South France TGV Sport Climbing


I'm currently sat on the upper deck of a TGV train in cusing along at 185 Km/h across France. I'm returning from a couple weeks of climbing in the South of France.

Over the years I've made similar journeys south in search of warm sun or cold mountains via car, van, coach and plane; in my experience train travel is the most relaxing and pleasant means to travel. The train cost £69 (we booked a couple of months in advance) from London to Avignon and took 5hrs 30min, checkout http://loco2.com/destinations/france/trains-to-avignon for info.

Our plan was to have a couple of weeks climbing at Ceuse (a crag that needs no introduction!). However the weather was unseasonally cold (for end of May), up at Ceuse at 1800m the temperature was not getting above single figures in day and below freezing at night. When we arrived there was even a fresh dusting of snow, not ideal climbing conditions!

So we went for plan B, which was to check out a number of different crags around Avignon featured in the Languedoc-Roussillon and Haute Provence Rockfax guidebooks. We were lucky for the first week to have our friend Vivien with us who's French and parents live near Avignon. After some nice french food and the some of the best red wine I've ever tasted (it was as old as me!) we headed over to a crag called Saynes near the town of Ales. This crag jumped out at us while flicking through the Languedoc-Rousillon Rockfax guide book for having a high concentration of highly stared routes in the harder grades, many on fun looking tufas with a sunny aspect and low altitude. The crag did not disappoint.

Tufas at Seynes

We spent a week ticking our way through some great routes. The highlights for me (in no particular order were) :

Le Tube Neural 6c+ - amazing 3D tufa formation, felt more like a trad route giving a full body workout!

Luke doing full body battle with Le Tube Neural

Me on Le Tube Neural
Bison futé (Au nom du pére) 7a – prefect wall climbing on crimps and pockets

Le Sphinx 7c+ - super fun bouldery tufa climbing, slightly drilled but still good. Got it done in a day on my 25th birthday. Cheers to Luke for working out the beta. 

Un Digot 7c – Pure tufa pinching and laybacking into a powerful crux on finger pockets with an obligatory mono finger pocket move to finish!

Peggy La Cochonne 7c – powerful and very sustained tufa climbing, I got up to the lower off on my first redpoint but was too pumped to clip it! Big air time followed since the route was quite run out! Didn't quite get the tick but the experience of the battle was more memorable! 

Dinosaure 8a+ - I didn't tick this route or even get the the top of it! But it was probably the coolest and hardest tufa feature I've ever climbed. This perfectly formed soaring tufa feature must be THE line of the crag. It's base is approached by about 20m of 7a+ climbing. I think I only managed about four bolts worth of climbing up the perfect tufa before my tufa pinching power and technique ran out. Even though I got totally shut down on this route it was still an amazing experience to try and climb such an amazing feature.

Wrestling with the Dinosaure tufa!

The only negative point to climbing at Seynes was the fast road below the crag. This would not have been too bad had we not been camping in the car park at the base of the crag. I don't think I slept properly all week, I even bought some ear plugs to try in improve the situation!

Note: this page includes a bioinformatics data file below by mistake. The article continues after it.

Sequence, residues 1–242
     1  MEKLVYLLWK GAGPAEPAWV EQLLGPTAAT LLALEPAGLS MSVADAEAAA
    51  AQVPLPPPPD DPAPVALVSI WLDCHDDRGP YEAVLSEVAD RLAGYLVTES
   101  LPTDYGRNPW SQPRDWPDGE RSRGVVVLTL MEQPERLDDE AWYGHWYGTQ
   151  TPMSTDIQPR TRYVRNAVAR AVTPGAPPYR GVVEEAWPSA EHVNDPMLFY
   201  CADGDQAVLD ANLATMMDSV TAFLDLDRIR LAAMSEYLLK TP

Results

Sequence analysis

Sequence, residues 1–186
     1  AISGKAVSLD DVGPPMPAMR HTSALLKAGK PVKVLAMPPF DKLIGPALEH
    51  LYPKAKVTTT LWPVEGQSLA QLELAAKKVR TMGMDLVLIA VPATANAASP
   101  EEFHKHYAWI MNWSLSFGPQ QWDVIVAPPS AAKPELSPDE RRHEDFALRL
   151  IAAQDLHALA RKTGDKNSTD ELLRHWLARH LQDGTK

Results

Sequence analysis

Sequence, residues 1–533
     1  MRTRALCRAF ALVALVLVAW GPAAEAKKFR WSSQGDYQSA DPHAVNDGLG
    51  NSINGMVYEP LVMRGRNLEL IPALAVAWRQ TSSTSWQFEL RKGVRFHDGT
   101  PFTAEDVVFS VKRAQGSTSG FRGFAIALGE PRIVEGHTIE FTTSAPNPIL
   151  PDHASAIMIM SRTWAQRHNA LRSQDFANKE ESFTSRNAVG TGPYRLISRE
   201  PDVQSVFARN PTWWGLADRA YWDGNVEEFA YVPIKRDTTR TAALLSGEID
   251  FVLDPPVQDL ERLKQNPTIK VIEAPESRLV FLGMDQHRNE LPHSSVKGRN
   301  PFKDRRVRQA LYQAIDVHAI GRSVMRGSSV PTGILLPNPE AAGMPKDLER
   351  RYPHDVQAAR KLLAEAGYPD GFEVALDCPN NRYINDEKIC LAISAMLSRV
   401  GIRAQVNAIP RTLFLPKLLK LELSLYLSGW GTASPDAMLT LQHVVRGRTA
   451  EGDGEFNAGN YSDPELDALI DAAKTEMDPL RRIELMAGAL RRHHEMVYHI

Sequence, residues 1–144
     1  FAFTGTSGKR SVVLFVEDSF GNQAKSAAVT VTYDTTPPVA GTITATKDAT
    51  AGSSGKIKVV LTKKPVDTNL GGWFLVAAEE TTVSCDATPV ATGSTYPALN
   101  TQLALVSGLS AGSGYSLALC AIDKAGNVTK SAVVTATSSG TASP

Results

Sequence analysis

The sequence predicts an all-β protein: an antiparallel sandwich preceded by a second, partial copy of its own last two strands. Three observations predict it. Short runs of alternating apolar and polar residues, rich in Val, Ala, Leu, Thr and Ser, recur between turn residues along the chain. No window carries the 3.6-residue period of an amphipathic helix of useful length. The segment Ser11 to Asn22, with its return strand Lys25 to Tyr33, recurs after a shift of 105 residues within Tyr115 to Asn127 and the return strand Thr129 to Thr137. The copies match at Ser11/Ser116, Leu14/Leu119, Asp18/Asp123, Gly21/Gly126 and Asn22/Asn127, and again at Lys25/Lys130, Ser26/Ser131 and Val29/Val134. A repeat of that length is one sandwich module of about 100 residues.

For a change of scene for the second week of our trip we headed East from Avignon to checkout Buoux. I had heard a lot about Buoux, it was a popular climbing destination in the 80's but seems to have fallen out of popularity. The crag is set in a beautiful location and gets plenty of sun, the week we were there the temperature was about perfect when it would normally be a bit hot this time of year (end of May).



I can understand why the climbing at Buoux is less popular these days; the climbing seemed to range from savage finger pockets with little or no footholds to super thin slab climbing on sharp and shallow mono pockets. Most of the routes were very finger intense, necessitating regular rest days. However there are still many world class routes at Boux, I really enjoyed:

No Man's Land 7b + - A classic pumpy traverse line into steep climbing on pockets and crimps.

Jon on No Mans Land 7b+
Rose de Sables 7a and Courage, Fuyons 7a+ - Two iconic routes climbing either side of the soaring arete. These routes must be THE lines of the crag. The climbing does not disappoint the LH line has some really cool arete heal hook moves while the RH line has a stunning finger crack at the top.

Luke styling it out on Rose de Sables 7a

Unknown Swiss Climber on Stranger than Paradise 7b+ 
Luke on a the nails hard Peacemaker 7c

After a few days at Boux our fingers were screaming for a rest, luckily a crag called Venasque which is abut a 40min drive away was the perfect complement. The climbing at Venasque was pretty much all steep and very pumpy on jugs and sandstone slopers.

7b at Venasque
I found the climbing at Venasque (and maybe the grades!) seemed to suite us well. Over three days I ticked 12 routes 7a and above (one 7a, one 7a+, three 7b's, two 7b+'s a 7c and one 8a). My overriding memory from most of the routes was enjoying climbing just being horrendously pumped and just about making it to the chains. The 7c was a particularly memorable experience; I managed to onsight all 30m of the route making it up to the last hold but I was too pumped to hold it! On his flash attempt Luke managed to hold the last hold for about 5-10s but he also was too pumped to clip the chains! I got the route first red point, the climbing on both this 7c and the 8a was really fun steep wall climbing on positive pockets and jugs!

Jon warming up on  the ridiculously steep Petite Marie 6c+

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